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How Canada Can Revise Its Prostitution Laws

By Jimmy Carter

Published by the Ottawa Citizen.

The decision by the Supreme Court of Canada to strike down the existing basic laws governing prostitution is a step in the right direction. France is also struggling with the same issue, and is considering the adoption of the only workable solution that has been devised. New legislation has been passed by the French assembly to emulate Sweden, and a final decision by the senate is expected in June 2014.

I have reviewed this sensitive issue quite thoroughly while writing a book that will be published next year concerning the global abuse of women and girls.

Since prostitution is a profession that precipitates both trafficking in women and girls and also the spread of sexually transmitted diseases, it is important to explore the possibilities of enhancing the effect of restrictive laws that have been passed but seldom if ever enforced. For many centuries since the instigation of "the world's oldest profession," there has been a debate about the best way to reduce the prevalence of prostitution and the forced female slavery that it incurs. During the past few years I had an opportunity to speak with the ministers of health in two European countries that have taken opposite approaches, and one of them seems to be having some beneficial effect.

The Dutch government decided in 2000 that the best way to control prostitution, reduce sexually transmitted diseases, and protect women and girls from abuse was to legalize prostitution and the operation of brothels while regulating the trade. I remember how surprised I was to walk down the streets on my first visit to Amsterdam and pass windows in which attractive women were showing off their personal wares. The intent of this liberal law was to give the prostitutes some protection, with their work permits and mandatory health inspections. A sex tourism boom resulted, and in 2008 there were 142 licensed brothels in Amsterdam and about 500 window displays. A former mayor has stated that the enormous business of more than $100 million annually has been largely taken over by East European crime syndicates that are not only trafficking women but also illegal drugs. Although the permissive laws are still in effect, there is now a government move to rescue the prostitutes and help them find other trades.

There had been an effort in Sweden for a hundred years to pass legislation making illegal the purchase of sex by men, and when new legislation was drafted and debated in 1999 this was the key issue. Equally strong feelings were that women should not be punished, since many of the prostitutes were known to be improperly enticed or actually forced into selling their services. Although Sweden has the highest portion of women parliamentarians in Europe), they were divided on the key issues. The final legislation made it illegal to buy sexual services, to act as a pimp, or to operate a brothel, but the prostitutes were not considered to be acting illegally. The number of sex workers in Sweden dropped more than 40 per cent during the next five years, and the price charged for sexual favours has also fallen. Other European countries have watched these two experiments closely, and both Norway and Iceland passed laws similar to Sweden's. Nick Kristof, New York Times columnist and co-author of "Half the Sky," reports that "Customers can easily find an underage Eastern European girl working as a prostitute in Amsterdam, but not in Stockholm." Germany adopted the Netherlands model in dealing with prostitution, and found that the trade increased by 70 per cent in its larger cities.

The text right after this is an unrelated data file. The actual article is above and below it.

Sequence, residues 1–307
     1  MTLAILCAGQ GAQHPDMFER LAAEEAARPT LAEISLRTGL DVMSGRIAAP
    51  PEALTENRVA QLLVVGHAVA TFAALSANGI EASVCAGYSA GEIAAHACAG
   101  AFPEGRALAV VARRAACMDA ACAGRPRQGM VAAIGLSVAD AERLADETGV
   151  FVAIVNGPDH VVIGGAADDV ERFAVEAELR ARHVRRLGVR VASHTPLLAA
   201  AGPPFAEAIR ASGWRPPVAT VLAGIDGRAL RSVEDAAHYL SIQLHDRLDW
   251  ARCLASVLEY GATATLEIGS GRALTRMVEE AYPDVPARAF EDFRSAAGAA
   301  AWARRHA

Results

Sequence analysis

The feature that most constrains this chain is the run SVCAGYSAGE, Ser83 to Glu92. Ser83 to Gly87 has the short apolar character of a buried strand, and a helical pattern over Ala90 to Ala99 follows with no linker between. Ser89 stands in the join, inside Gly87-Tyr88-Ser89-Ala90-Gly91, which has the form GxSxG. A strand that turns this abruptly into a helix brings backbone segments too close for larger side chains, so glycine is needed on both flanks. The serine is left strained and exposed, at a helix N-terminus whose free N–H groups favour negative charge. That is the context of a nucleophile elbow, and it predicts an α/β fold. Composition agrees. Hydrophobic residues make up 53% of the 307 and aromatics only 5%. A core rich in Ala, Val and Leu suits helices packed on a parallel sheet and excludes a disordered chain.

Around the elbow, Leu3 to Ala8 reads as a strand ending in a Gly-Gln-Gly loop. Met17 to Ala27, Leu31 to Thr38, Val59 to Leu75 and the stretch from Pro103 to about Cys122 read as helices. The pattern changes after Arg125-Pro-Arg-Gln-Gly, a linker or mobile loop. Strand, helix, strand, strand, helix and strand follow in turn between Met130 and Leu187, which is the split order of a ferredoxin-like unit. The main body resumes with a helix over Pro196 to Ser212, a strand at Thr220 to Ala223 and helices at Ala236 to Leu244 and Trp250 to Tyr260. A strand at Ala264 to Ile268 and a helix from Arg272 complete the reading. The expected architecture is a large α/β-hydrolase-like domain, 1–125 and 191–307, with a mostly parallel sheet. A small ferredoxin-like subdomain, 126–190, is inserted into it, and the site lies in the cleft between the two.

The key to the relative success of Sweden's approach is to prescribe punishment for those who own and operate the brothels, control the women, and also the male customers who provide the profit motive. This was also the strong recommendation of participants in our Carter Center Defenders' Conference who are trying to control the trafficking of women in Atlanta and other places where sexual slavery is rampant. There is little doubt that public exposure in a trial and the imposition of a heavy fine or jail time for a few men who are prominent citizens or police officers who were buying or profiting from the sex trade would be extremely effective. The opposite policy still exists in the United States, where there are 50 times as many female prostitutes arrested as their male customers and handlers.

Canada would do well to consider the approach chosen by Sweden.

Jimmy Carter, president of the United States from 1977-81, is founder of the non-profit Carter Center, working to advance human rights worldwide.

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